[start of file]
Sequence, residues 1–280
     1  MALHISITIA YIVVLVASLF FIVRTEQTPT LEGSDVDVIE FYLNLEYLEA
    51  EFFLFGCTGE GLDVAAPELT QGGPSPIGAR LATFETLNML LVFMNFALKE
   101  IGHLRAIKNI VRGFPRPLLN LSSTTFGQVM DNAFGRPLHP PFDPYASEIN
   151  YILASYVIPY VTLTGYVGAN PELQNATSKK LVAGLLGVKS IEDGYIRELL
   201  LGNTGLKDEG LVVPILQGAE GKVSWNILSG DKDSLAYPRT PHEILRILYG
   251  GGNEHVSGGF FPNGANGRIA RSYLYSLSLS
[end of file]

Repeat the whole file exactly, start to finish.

Sequence, residues 1–280
     1  MALHISITIA YIVVLVASLF FIVRTEQTPT LEGSDVDVIE FYLNLEYLEA
    51  EFFLFGCTGE GLDVAAPELT QGGPSPIGAR LATFETLNML LVFMNFALKE
   101  IGHLRAIKNI VRGFPRPLLN LSSTTFGQVM DNAFGRPLHP PFDPYASEIN
   151  YILASYVIPY VTLTGYVGAN PELQNATSKK LVAGLLGVKS IEDGYIRELL
   201  LGNTGLKDEG LVVPILQGAE GKVSWNILSG DKDSLAYPRT PHEILRILYG
   251  GGNEHVSGGF FPNGANGRIA RSYLYSLSLS